Design and Control of Hydrogen Supply and Recirculation System for Proton Exchange Membrane Fuel Cell Systems

dc.contributor.authorXu, Keda
dc.contributor.supervisorDong, Zuomin of Mechanical Engineeringen_US of Applied Science M.A.Sc.en_US
dc.description.abstractProton Exchange Membrane Fuel Cell (PEMFC) systems require more than the theoretically needed hydrogen (H_2) fuel gas in the anode supply system to achieve high performance and extended operating life. The ejector-based H_2 supply and recirculation system (HSRS) is superior to its mechanical pump-based counterpart, with reduced operation and maintenance costs, low noise, and zero parasitic power consumption. However, the conventional ejector with fixed dimensions of a nozzle can only function within a narrow power range of PEMFC due to its restricted primary inlet pressure and mass flow rate. The ejector theoretical background and analytic models are reviewed to understand its working principles better. The ejector H_2 entrainment capabilities are affected by the key geometric parameters, including nozzle diameter (D_n), mixing chamber diameter (D_m) and its length (L_m), and the distance between the nozzle exit and the mixing chamber (NXP), as well as PEMFC system operating conditions such as anode pressure, temperature, and relative humidity. All these factors have been thoroughly investigated and analyzed using computational fluid dynamics (CFD) simulations. This research presented an optimal design of a nested-nozzle ejector to satisfy the H_2 stoichiometric ratio (SR_H_2) for a wide power output range of the PEMFC stack. The nested-nozzle ejector consists of one large nozzle (BN) and one small nozzle (SN) with shared suction, mixing, and diffuser chamber. The BN mode was responsible for the stack high load conditions, while the SN mode performed at low load conditions. A bypass was adopted parallel to the nested-nozzle ejector in HSRS to extend the ejector operating range. The key geometric parameters, including nozzle diameters and the distance between two nozzles, were optimized using CFD simulations to maximize the ejector’s H_2 entrainment capability. The results demonstrated that the optimally designed ejector could provide adequate H_2 gas entrainment to satisfy the stack SR_H_2 from around 9% to 100% output power of a 150 kW PEMFC stack. The nested-nozzle ejector was produced, and a test bench was established to measure the ejector entrainment performance using air. Moreover, the nested-nozzle ejector was compared with the dual-ejector system using two conventional ejectors in terms of the operating range and anode inlet pressure fluctuation. The results showed that the nested-nozzle ejector could greatly reduce the system pressure fluctuation while fulfilling the requested anode SR_H_2. Moreover, a supervised machine learning (ML) model is developed using a data-driven approach based on CFD simulation results to predict the H_2 entrainment capability of both conventional and nested-nozzle ejectors. The least-squares estimator is applied to obtain the optimal weight w ̂* of the linear regression ML model. The predicted H_2 entrainment capability showed good consistency with the results from CFD simulations. The trained linear regression ML model can also be used to optimal design the ejector key geometric parameters by solving a formulated linear programming (LP) problem. Compared to traditional CFD simulation methods, this approach can greatly simplify the ejector design and simulation process. Based on the ML model, the entertainment performance of the optimized ejector was validated using CFD simulations on small, middle and large-size PEMFC stacks, showing less than 8 percent mean absolute percentage error. Dynamic models of main components in HSRS and PEMFC system controller were developed using model-based design method in MATLAB/Simulink. Integrated with the existing PEMFC stack model and air supply system model, a closed-loop PEMFC system simulator was completed to validate the accuracy and transit behaviour of system models. The system performance is validated in a 150kW PEMFC system with a nested-nozzle ejector and a bypass. The simulation results demonstrated that the rule-based control strategies using feedforward together with PI control for air supply system and PI feedback control for HSRS can provide rapid response of system models during dynamic load inputs. The integrated system model can be beneficial to the actual product design and system development.en_US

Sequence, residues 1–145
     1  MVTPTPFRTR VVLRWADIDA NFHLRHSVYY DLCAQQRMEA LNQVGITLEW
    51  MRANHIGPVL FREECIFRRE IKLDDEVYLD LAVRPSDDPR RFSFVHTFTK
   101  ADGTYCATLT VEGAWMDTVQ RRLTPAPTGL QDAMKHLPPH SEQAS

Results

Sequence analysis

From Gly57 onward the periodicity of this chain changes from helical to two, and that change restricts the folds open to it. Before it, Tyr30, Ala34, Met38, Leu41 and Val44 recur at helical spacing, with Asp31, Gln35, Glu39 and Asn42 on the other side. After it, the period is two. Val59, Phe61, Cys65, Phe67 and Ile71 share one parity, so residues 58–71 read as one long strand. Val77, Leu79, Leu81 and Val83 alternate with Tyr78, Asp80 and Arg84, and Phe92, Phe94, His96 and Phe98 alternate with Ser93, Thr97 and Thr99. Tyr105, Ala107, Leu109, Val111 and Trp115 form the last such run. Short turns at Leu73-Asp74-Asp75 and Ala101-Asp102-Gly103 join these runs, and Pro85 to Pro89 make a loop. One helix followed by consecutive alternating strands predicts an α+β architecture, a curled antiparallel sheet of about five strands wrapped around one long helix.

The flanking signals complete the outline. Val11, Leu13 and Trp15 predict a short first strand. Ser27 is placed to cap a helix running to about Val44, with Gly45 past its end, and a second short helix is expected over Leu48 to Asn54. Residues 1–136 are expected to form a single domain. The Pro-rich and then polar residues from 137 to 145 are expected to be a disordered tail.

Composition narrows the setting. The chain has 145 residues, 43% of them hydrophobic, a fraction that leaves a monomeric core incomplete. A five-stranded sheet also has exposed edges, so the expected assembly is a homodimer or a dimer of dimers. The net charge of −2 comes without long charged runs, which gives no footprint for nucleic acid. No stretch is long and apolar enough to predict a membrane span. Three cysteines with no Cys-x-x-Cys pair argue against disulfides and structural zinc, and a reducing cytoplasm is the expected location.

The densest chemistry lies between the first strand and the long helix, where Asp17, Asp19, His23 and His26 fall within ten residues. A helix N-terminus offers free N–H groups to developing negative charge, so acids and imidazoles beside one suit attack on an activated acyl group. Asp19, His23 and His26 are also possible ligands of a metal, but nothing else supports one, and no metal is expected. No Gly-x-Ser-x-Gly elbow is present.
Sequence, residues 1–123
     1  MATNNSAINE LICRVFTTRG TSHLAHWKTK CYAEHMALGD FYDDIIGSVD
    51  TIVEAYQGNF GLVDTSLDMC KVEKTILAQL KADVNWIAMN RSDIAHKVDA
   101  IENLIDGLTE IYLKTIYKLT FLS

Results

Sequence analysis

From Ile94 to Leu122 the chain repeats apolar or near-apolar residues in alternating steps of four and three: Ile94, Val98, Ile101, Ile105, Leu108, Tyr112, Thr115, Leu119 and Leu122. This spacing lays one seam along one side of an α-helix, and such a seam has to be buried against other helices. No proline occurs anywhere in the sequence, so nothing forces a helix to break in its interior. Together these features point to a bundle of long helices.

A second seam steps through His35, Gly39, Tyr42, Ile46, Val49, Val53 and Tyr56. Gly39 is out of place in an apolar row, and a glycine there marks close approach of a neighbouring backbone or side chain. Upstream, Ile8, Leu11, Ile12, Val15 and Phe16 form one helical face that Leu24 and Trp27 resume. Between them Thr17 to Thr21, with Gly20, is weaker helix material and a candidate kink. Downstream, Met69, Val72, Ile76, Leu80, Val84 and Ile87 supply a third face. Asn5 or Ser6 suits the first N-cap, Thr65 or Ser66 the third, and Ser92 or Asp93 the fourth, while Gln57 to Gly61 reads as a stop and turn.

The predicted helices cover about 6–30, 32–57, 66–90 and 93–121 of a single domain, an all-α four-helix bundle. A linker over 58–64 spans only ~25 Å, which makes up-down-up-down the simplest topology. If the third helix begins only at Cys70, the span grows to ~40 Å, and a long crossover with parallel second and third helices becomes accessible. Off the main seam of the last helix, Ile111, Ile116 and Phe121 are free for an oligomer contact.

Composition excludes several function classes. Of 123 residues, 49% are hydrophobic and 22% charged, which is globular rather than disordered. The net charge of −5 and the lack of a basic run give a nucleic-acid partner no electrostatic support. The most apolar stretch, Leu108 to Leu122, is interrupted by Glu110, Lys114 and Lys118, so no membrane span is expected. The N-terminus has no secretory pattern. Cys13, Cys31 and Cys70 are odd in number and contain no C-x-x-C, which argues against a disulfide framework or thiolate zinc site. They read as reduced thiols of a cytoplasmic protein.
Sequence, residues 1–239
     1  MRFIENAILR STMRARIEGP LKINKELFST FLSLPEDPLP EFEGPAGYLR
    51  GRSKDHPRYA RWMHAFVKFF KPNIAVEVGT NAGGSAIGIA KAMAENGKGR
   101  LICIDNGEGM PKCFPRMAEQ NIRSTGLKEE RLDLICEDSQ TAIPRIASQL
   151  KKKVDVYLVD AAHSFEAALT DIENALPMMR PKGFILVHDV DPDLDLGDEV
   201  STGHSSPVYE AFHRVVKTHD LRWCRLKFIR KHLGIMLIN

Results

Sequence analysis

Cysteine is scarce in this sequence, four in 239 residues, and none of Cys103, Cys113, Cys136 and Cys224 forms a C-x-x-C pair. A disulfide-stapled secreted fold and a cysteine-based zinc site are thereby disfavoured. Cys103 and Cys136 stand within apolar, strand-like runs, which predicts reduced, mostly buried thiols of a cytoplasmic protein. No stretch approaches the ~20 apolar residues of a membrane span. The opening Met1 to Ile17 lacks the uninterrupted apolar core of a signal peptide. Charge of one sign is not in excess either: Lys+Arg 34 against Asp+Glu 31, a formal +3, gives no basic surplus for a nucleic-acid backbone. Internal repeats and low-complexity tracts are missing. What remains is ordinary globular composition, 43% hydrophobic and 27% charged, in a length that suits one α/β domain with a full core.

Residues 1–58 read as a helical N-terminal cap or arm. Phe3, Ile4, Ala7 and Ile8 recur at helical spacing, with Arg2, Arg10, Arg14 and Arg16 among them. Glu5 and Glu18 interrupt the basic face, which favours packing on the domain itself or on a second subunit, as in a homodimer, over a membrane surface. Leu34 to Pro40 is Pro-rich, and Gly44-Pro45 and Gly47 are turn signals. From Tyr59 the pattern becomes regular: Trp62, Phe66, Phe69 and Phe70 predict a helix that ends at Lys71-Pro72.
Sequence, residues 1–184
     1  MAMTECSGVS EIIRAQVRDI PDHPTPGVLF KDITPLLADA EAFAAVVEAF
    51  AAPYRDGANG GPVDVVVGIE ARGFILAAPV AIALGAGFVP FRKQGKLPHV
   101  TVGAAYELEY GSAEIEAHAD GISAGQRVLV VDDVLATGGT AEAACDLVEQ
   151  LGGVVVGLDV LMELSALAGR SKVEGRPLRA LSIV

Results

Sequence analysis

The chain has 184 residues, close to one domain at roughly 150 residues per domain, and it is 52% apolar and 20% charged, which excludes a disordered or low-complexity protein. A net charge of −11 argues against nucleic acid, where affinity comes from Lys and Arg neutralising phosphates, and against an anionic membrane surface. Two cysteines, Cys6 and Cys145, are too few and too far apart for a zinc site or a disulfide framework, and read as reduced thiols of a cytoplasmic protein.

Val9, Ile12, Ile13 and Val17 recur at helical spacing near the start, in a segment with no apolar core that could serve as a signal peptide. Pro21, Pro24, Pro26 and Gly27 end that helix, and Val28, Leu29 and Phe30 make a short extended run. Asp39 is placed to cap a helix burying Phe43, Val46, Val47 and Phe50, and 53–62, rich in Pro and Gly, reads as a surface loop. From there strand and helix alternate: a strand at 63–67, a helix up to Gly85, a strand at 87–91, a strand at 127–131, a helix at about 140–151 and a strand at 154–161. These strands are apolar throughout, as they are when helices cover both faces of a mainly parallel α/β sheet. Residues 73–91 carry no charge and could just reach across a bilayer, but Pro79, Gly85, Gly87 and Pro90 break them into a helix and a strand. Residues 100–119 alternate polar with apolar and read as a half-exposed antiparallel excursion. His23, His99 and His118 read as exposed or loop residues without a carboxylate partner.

dc.rightsAvailable to the World Wide Weben_US
dc.subjectHydrogen supply and recirculation systemen_US
dc.subjectHydrogen ejectoren_US
dc.subjectMachine learningen_US
dc.subjectSystem controlen_US
dc.titleDesign and Control of Hydrogen Supply and Recirculation System for Proton Exchange Membrane Fuel Cell Systemsen_US


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